Stevenson’s classic tale exploring, in frightening fashion, the two sides of one self has influenced dozens of authors. Perhaps less well-known is that Stevenson wrote the tale in three days, after he had nightmares about his own double life — and then had to rewrite it in three days again when his wife burned the first manuscript because she thought it was too gruesome. Dr. Jekyll and Mr. Hyde might not strike young readers off the bat as the stuff to keep them up at night, but it raises questions about the duality of human nature that’ll keep them thinking long after they’ve turned the final page.

The Bad Seed by William March

First published in 1954, the focus of this bestselling novel, which also inspired the 1956 film of the same name, is ridiculously compelling: a child who is also a killer. For those among us who find themselves drawn to literary tales of creepy children (you’re not alone!), March’s novel was the forebear to many of those stories and is a case of one of the first also being one of the best.

What are your favorite scary reads? Let us know by leaving a comment!

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Ever since Netflix decided to make A Series of Unfortunate Events into a very fortunate TV series, we can’t help but daydream about all the amazing YA book series that would be awesome as a TV series. Here are our top picks:

1. The Luxe by Anna Godbersen

The intrigue, the dresses, the time period! The Luxe would make for a very decadent and amazing series if it was adapted for television.

About the book: Manhattan, 1899: In a world of luxury and deception, where appearance matters above everything and breaking the social code means running the risk of being ostracized forever, five teenagers lead dangerously scandalous lives. This thrilling trip to the age of innocence is anything but innocent.

Luxe cover

2. Cinder by Marissa Meyer

This futuristic retelling of Cinderella as a cyborg would make for a fantastically vivid show and each season could focus on a different character, much like the books do with Cinder, Scarlet, Cress, etc.

About the book: Humans and androids crowd the raucous streets of New Beijing. A deadly plague ravages the population. From space, a ruthless lunar people watch, waiting to make their move. No one knows that Earth’s fate hinges on one girl.

Cinder cover

3. Gone by Michael Grant 

If Netflix is looking to adapt something that could be Lost-like in its mythology and multitude of characters, they don’t have to look much further.

About the book: Everyone except for the young. Teens, middle schoolers, toddlers, but not a single adult. No teachers, no police, no doctors, no parents. Gone too are the phones, internet, and television. There is no way to get help.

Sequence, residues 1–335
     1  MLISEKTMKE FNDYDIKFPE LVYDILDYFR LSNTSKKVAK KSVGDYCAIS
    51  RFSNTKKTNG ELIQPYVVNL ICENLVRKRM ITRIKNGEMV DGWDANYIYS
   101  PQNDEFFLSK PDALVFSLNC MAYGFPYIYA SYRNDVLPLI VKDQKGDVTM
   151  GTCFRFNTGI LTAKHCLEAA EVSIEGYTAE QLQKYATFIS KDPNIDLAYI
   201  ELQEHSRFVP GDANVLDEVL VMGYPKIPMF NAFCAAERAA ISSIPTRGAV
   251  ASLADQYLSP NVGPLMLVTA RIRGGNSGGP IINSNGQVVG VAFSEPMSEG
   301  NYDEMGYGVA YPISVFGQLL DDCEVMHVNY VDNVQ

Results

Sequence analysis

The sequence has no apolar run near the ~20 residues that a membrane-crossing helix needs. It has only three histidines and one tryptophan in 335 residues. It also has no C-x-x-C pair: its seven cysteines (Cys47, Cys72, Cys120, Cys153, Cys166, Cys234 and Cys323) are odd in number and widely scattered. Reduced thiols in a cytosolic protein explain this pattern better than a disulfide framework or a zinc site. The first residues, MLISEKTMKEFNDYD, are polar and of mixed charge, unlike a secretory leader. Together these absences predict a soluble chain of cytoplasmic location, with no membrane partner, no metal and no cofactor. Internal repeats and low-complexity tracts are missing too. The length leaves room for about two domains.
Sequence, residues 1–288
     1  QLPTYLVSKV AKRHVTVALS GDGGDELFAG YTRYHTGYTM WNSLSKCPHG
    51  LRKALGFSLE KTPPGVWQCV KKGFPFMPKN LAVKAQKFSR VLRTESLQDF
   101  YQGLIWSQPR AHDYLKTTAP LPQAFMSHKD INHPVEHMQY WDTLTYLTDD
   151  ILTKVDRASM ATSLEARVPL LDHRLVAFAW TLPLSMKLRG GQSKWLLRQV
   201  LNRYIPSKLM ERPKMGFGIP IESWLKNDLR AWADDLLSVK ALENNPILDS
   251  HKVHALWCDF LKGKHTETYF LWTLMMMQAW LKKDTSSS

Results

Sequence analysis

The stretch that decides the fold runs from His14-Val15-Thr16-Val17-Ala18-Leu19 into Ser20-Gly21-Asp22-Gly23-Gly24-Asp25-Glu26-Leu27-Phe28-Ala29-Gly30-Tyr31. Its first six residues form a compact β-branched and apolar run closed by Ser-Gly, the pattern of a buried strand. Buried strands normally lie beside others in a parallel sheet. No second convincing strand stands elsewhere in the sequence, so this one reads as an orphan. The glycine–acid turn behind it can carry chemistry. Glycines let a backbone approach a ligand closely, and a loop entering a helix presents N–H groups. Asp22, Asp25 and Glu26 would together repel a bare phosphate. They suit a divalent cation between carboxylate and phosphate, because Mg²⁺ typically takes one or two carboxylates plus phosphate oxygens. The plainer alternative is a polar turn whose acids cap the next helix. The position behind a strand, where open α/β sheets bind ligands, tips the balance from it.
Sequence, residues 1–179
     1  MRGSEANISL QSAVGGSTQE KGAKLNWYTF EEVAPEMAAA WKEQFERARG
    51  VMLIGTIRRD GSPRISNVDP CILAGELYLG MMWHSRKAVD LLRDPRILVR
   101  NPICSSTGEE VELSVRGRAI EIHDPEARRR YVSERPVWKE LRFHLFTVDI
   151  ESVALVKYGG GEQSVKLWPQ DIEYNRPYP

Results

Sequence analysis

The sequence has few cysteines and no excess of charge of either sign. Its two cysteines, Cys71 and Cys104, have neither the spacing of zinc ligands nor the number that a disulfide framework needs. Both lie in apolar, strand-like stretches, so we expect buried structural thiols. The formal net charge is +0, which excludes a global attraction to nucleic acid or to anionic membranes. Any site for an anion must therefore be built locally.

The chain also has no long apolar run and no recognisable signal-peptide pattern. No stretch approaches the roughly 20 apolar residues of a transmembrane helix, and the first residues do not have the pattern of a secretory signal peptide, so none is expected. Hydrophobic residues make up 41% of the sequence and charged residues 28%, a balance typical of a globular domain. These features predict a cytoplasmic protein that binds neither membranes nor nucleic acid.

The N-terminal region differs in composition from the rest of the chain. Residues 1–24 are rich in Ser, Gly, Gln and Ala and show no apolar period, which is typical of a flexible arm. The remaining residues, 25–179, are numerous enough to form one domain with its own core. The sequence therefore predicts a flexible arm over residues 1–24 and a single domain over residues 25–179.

Gone cover

4. Throne of Glass by Sarah J. Maas

Netflix could use more series with tough as nails heroines. We vote for THRONE OF GLASS.

About the book: In a land without magic, where the king rules with an iron hand, an assassin is summoned to the castle. She comes not to kill the king, but to win her freedom. If she defeats twenty-three killers, thieves, and warriors in a competition, she is released from prison to serve as the king’s champion. Her name is Celaena Sardothien.

Throne of Glass cover

5. The Selection by Kiera Cass

If television doesn’t want to show us the pretty dresses from The Luxe series, then we’ll forgive them as long as they then show us the pretty dresses from The Selection!

About the book: For thirty-five girls, the Selection is the chance of a lifetime. The opportunity to escape the life laid out for them since birth. To be swept up in a world of glittering gowns and priceless jewels. To live in a palace and compete for the heart of the gorgeous Prince Maxon.

The Selection cover

6. The Darkest Minds by Alexandra Bracken

We need this as a show.

About the book: When Ruby woke up on her tenth birthday, something about her had changed. Something alarming enough to make her parents lock her in the garage and call the police. Something that gets her sent to Thurmond, a brutal government “rehabilitation camp.” She might have survived the mysterious disease that’s killed most of America’s children, but she and the others have emerged with something far worse: frightening abilities they cannot control.

The Darkest Minds cover

7. Something Strange & Deadly by Susan Dennard

In general, we want more zombies on TV, but since nothing really can beat modern-day or near-future zombies like The Walking Dead, we suggest turning the clock back a century and going with 1800s zombies.

Something Strange and Deadly cover

8. The Raven Boys by Maggie Stiefvater

We’re having a grand old time just thinking about the casting process for this amazing series.

About the book: Every year, Blue Sargent stands next to her clairvoyant mother as the soon-to-be dead walk past. Blue never sees them–until this year, when a boy emerges from the dark and speaks to her. His name is Gansey, a rich student at Aglionby, the local private school. Blue has a policy of staying away from Aglionby boys. Known as Raven Boys, they can only mean trouble.

The Raven Boys cover

9. A Thousand Pieces of You by Claudia Gray

There aren’t enough parallel universe stories out there and a show based on this book series would be done best if J.J. Abrams was producing it!

About the book: Marguerite Caine’s physicist parents are known for their groundbreaking achievements. Their most astonishing invention, called the Firebird, allows users to jump into multiple universes—and promises to revolutionize science forever. But then Marguerite’s father is murdered, and the killer—her parent’s handsome, enigmatic assistant Paul—escapes into another dimension before the law can touch him. Marguerite refuses to let the man who destroyed her family go free. So she races after Paul through different universes, always leaping into another version of herself.

A Thousand Pieces of You cover

10. Anna and the French Kiss by Stephanie Perkins